Calendar Committee recommends continuing 4-day schedule, Governing Board decision still pending
By Dana Trumbull
The guiding principles stressed to the diverse participants in the Apache Junction Unified School District’s Calendar Advisory Committee were: 1) good for kids, 2) good for AJUSD and 3) good for our community. With these ideals in mind and after months of study, the committee’s presentation at the December 12, 2017, AJUSD Governing Board meeting offered two possible options for the 2017-18 school calendar: a traditional four-day calendar, similar to the current schedule, but with added days to allow for later start times; and a modified year-round five-day calendar with longer fall, winter and spring breaks and a shorter summer break. The committee’s recommendation is the four-day option.
Committee member Rachel Mangum explained priorities, “One of the biggest concerns that kept coming up everywhere among the people on the committee and on the surveys is about the school start times… and the end times, for that matter. At the high school and the junior high, we start very early. It’s very dark, and it’s cold this time of year. This was a big concern. And if the start times are later, our elementaries shouldn’t end after 4 p.m.”
Mangum also stressed the need to reinstate parent-teacher conferences at the junior high and high school levels. “There was a strong voice that we need to have that come back.” Both calendars presented embed professional development time for teachers as well.
Before and after school opportunities, child care and family time were considered by the committee, as well as potential savings through multi-tasking buses for additional routes, as proposed in the recent transportation audit.
To poll stakeholder preferences and concerns, the Calendar Committee sent surveys to former AJUSD families, current AJUSD families and AJUSD staff. Within the three groups, 60% of the current families stated that they prefer the four-day week, citing reasons such as increased family time, a better learning experience and better rested children. Ironically, those same reasons were at the top of the list for parents who expressed a preference for the five-day week.
53% of current parents stated that they feel the four-day week is academically better as well.
Many parents who favored the five-day week cited the need to secure Friday childcare with the current schedule.
30% of the district’s former families, stated that the four-day week was their primary reason for leaving, but 72% of these respondees stated that returning to a five-day calendar would not draw them back to the district. Full results of the survey, including comments, can be accessed on the district website: https://www.ajusd.org/Page/12156.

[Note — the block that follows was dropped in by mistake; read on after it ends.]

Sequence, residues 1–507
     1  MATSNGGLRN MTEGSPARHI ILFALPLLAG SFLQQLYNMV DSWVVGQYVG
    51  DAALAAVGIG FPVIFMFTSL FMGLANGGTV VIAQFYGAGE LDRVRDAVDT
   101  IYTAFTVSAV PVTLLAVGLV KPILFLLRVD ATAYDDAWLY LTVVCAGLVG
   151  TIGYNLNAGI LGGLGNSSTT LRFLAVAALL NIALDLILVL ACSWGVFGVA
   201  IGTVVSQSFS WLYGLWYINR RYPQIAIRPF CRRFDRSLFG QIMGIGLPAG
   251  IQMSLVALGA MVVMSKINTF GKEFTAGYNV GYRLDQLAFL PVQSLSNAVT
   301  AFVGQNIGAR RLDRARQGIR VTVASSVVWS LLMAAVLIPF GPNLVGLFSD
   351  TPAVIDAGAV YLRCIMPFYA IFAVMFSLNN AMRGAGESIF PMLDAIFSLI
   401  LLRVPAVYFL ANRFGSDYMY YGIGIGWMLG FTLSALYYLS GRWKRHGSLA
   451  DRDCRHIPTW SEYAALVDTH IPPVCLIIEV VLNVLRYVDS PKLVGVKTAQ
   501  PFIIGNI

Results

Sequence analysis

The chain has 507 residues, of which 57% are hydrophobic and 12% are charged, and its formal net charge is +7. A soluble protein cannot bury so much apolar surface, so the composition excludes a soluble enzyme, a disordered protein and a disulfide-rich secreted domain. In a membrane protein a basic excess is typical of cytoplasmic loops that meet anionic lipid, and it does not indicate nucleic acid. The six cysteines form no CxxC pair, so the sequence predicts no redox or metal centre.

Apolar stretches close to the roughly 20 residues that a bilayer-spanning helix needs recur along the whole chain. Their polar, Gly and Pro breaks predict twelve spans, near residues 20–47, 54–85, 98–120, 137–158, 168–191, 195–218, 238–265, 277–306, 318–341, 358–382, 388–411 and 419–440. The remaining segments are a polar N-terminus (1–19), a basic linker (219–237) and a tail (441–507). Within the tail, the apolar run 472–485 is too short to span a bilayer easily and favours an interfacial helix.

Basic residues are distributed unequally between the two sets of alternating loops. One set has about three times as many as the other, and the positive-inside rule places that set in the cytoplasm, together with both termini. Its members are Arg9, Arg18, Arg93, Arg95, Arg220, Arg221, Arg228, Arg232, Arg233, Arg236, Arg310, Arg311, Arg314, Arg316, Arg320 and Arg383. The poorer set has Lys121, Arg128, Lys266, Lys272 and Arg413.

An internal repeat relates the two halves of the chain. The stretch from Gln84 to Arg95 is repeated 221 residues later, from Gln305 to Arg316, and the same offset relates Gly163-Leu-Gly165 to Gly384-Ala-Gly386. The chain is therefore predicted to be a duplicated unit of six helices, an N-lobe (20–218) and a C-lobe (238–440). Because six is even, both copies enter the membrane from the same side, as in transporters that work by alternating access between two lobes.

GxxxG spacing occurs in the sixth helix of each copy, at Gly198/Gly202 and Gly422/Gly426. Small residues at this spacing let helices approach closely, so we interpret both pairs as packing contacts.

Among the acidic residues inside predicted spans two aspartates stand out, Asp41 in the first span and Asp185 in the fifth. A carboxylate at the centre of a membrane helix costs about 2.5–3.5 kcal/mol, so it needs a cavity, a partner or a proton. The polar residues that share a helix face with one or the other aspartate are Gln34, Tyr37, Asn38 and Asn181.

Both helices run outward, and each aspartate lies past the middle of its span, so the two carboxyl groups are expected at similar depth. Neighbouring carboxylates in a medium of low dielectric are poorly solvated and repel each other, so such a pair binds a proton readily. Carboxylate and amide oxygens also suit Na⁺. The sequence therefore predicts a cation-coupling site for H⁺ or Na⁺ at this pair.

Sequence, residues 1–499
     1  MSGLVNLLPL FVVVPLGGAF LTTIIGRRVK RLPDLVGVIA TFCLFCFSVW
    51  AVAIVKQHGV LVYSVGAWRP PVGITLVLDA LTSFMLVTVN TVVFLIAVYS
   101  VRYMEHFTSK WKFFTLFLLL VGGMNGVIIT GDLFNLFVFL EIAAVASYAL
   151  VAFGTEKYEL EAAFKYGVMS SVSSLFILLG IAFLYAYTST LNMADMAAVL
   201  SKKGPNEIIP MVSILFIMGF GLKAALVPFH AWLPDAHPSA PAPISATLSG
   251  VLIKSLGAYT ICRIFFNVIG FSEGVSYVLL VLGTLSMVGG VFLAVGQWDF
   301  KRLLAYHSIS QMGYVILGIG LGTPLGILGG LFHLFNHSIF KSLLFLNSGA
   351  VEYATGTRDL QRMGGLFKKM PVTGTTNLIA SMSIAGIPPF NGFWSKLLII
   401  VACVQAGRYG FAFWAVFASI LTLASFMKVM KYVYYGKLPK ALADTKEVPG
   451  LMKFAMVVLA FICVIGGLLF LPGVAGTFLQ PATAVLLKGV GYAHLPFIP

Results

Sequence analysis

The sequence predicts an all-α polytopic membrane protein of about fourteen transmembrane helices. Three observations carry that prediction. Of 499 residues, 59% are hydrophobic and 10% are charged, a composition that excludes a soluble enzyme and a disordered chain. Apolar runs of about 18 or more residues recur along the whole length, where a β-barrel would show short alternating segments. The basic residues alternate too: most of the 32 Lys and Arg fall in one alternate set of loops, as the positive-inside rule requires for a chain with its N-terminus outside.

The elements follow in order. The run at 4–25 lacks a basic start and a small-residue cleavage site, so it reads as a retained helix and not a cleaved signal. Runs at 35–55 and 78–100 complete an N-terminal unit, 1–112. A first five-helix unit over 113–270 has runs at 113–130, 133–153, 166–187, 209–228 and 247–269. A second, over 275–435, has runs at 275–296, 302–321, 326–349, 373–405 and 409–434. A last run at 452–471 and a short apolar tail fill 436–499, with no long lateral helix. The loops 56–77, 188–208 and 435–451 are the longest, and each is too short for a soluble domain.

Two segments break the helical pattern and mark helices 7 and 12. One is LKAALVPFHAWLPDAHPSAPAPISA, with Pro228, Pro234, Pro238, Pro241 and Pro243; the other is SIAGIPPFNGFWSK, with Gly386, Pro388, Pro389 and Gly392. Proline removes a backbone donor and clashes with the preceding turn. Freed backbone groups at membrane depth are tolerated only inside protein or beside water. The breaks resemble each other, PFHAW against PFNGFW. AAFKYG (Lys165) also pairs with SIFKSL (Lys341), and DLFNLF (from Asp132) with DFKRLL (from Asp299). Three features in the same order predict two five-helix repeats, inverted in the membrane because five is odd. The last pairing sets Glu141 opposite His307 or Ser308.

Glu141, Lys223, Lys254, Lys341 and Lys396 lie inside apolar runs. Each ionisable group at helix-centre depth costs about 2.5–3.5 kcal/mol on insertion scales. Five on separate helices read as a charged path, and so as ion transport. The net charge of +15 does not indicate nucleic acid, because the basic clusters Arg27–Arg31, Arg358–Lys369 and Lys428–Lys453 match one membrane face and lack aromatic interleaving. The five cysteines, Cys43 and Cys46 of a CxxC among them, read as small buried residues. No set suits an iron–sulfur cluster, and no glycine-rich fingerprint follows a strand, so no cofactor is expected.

Committee research included presentations by AJUSD Director of Finance Cindy Reichert, Apache Junction City Manager Bryant Powell, AJUSD Director of Educational Services Heather Wallace, AJUSD Superintendent Krista Anderson and Apache Junction Director of Parks and Recreation Liz Langenbach. Topics included state and federal budgets, area demographics and housing estimates, student achievement and attendance and extended learning opportunities offered within the community. Participants reviewed data from high performing districts in Arizona, enrollment trends, research on instructional time, brain development, school calendars, sleep studies and juvenile offender data.
Jason Digos provided the presentation summary. “What we recommend to the Board is a four-day traditional calendar, similar to what we have now, but we’ve increased the calendar year by a few days. We are currently at 146 days, so adding a few extra days (to 150 days) will allow us to have the parent-teacher conferences, work in professional development for teachers and work in a shortened day so we’re not starting the school day quite so early. The start and stop times are a little bit fluid, but we are estimating about a 7:15 a.m.-7:30 a.m. start time at the junior high and high school levels, which are currently 6:50 a.m. By giving these guidelines to transportation, we can find the most efficient use of our routes and come up with a schedule that works for everyone.
“The length of the day is a factor, too,” Digos added. “Currently, elementary is at 7 ½ hours, which is a really long day for young kids. Junior high and high school are almost 8 hours and 20 minutes. By adding those few extra days to the school year, we can shorten the school days.”
The Governing Board will consider the Calendar Committee recommendations and revisit the topic in January.